COLUMBUS, Ohio – It should have been one of the best nights of the 2021-22 season for the Blue Jackets.
They were outplayed by the Minnesota Wild in that March 11 game, but kept pulling away until Zach Werenski scored a late goal to force overtime on March 11. The game was surprisingly intense, especially after veteran winger Jakub Voracek was sent off with an injury and a low jumper by Minnesota’s Marcus Folino.
Rookie Yegor Chinkov’s goal in the 3-2 win sent the National Arena into a frenzy.
The post-game dressing room was just as emotional, but not all were positive.
Blue Jackets captain Boon Jenner pulled coach Brad Larsen aside for a tearful conversation on his way to a career high. Jenner has been working through a back injury, but it has gotten to the point where he can’t play.
“It was really hard,” Jenner said. “It was getting to a point where I didn’t think I could go as hard as I wanted to. It was tough, obviously, because you want to be outside.
The Athletics: #CBJ’s top three scorers in minutes – Boney Jenner, Jakub Voracek and Patrick Laine – all went down late in Friday’s win with injuries. The news may have gotten worse on Sunday, but Jenner will be missing for several weeks. A big blow. pic.twitter.com/N5wmkoo029
— Aaron Aportzline (@Aportzline) March 13, 2022
“It was a big win that night, a pretty emotional game. But knowing it was creeping up on me and not feeling good… I just had to make a decision at that moment. He drank too much.”
Larson was mysteriously defeated after that game. A few days later, he fought back tears when he revealed Jenner’s condition to the media.
Jenner did not play again the rest of the season. Jenner said he might be able to suit up for the final week or the regular season if the Blue Jackets were in playoff contention. But there was no such race.
Since Jenner’s departure, Blue Jackets fans have wondered about Jenner’s status. Back injuries are very difficult. Will he be ready for training camp? Is this a chronic injury that can heal again?
Well, if there’s one thing Jenner doesn’t like more than his injuries, it’s talking about them, but he was polite (as always) and a little more forthcoming than usual during his chat with The Athletic late last week.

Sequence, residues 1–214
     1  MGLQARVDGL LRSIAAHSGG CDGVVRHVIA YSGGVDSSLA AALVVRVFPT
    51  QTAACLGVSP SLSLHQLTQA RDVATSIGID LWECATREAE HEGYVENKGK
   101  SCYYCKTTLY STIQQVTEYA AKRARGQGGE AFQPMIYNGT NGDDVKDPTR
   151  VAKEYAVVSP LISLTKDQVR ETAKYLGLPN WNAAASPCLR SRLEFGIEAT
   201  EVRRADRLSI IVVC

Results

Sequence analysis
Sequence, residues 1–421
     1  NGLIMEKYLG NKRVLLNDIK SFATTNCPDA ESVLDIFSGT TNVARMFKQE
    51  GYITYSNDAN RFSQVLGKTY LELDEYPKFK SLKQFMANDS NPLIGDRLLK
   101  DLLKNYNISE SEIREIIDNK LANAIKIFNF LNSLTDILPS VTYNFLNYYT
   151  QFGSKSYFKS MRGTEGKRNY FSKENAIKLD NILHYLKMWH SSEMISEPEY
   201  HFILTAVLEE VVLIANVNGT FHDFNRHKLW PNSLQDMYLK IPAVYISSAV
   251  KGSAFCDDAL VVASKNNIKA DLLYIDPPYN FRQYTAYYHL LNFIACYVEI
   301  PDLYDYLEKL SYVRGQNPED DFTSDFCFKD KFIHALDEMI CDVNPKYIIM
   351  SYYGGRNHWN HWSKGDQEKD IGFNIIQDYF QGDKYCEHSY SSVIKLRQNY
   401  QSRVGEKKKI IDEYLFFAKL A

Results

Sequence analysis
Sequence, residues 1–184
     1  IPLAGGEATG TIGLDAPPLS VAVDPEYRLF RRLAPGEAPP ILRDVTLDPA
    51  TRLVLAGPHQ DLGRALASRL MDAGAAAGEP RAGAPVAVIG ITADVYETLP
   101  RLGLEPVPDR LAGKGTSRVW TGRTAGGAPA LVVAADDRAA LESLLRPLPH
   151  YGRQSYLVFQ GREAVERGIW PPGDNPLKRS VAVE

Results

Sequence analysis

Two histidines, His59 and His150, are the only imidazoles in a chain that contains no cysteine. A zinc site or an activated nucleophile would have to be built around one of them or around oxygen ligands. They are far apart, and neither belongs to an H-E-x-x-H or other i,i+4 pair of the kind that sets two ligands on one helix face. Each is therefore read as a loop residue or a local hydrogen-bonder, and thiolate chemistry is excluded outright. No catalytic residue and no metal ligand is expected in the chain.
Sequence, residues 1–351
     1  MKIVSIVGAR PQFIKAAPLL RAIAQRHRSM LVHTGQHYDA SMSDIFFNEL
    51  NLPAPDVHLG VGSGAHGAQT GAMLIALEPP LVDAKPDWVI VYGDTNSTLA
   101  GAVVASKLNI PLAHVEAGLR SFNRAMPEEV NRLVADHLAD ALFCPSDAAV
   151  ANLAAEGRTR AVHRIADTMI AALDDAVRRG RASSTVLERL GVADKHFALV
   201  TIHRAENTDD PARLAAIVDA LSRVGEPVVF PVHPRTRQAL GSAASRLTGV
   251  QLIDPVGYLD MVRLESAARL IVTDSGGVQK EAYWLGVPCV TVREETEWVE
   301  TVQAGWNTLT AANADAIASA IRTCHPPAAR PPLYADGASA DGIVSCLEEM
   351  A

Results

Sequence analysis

Labor Day is on the calendar when most NHL players pack up their bags and head south for the season. Jenner, like the rest of the Blue Jackets, is expected to be back in town later this week to begin volunteer hits before training camp.
When asked about his back specifically, Jenner said, “I’m feeling good, I’m ready to go, absolutely.”
“I started training again this summer, trying to get to 100 percent. After the year was over, the idea was just to get healthy and take it from there. I’ve been doing that all summer, skating and working out. I’m happy where I am now.”
Last season was at least the third time in his career that Jenner missed with a back injury. He missed the final 23 games of the season. In the year He missed 40 games in 2015 with back pain. He missed seven games in 2017.
Jenner said all three back injuries were separate, which can be considered good news. It’s not the same injury that gets worse. This is a player that has made a living in corners and high traffic areas.
“They all look different,” Jenner said. But I don’t want to go into that too much. It happened.
“It’s all part of it. It comes with the trade. Things are about to happen. Like anything, you try to heal it, make it stronger, and try to get it back.
The Blue Jackets leaned heavily on Jenner last season, perhaps too heavily. His 20:27 average ice time was a career high — up two and a half minutes per game from last season — and ranked 15th among forwards in the NHL.
Yes, Jenner averaged more playing time than Florida’s Alexander Barkov (20:18), Pittsburgh’s Sidney Crosby (19:58), Boston’s Brad Marchand (19:15) or the New York Rangers’ Artemi Panarin (19:13).
That’s how valuable he was to the Blue Jackets, not just in his production (23-21-44 in 59 games) but his ability to play center, win faceoffs, provide physicality and play both special teams positions.
Jenner, 29, sees no reason to call back, but Blue Jackets GM Jarmo Kekalainen indicated during the exhibition that the plan is to manage Jenner’s daily workload. Growing confidence in Cole Silinger and Jack Roslovich as centers could ease the pressure on Jenner.
“If anybody’s ready, it’s Boone because he’s done everything right,” Kekalain said. “You know he put in the work over the summer to get ready. But when you go out on the ice to grind (Camp) … we manage the load differently than others.
“You can feel good in the weight room, but when you get into the grind, that can be completely different.”
The Blue Jackets signed NHL veteran James Neal to a player tryout contract for training camp and could sign another long-dent player to PTO in the coming days, Kekalainen said. Neal may take a long time to get a contract, but his availability allows the Jackets to meet the NHL’s requirements in the preseason while giving their veterans a rest.
But Jenner seems to be looking forward to it. He still believes he needs to play big minutes, and the stakes are much higher.
He intends to get a long look between the Blue Jackets’ top two offensive talents, free agent signee Johnny Gaudreau and returning sharpshooter Patrick Laine. Whoever ends up in that position — Jenner, Silinger or Roslovic — is poised to play heavy minutes and see a big increase in their offensive production.
“We see what’s shaking,” Jenner said. “We have good centers. We are all ready to go to camp and put in our work.
“You’ve got two good players there (in Gaudreau and Laine). We have some good players in our lineup now, but with Johnny’s ability, Pucky’s and Patty’s scoring… we’ll see what happens.
(Bonne Jenner Photo: Jean-Yves Ahern / USA Today)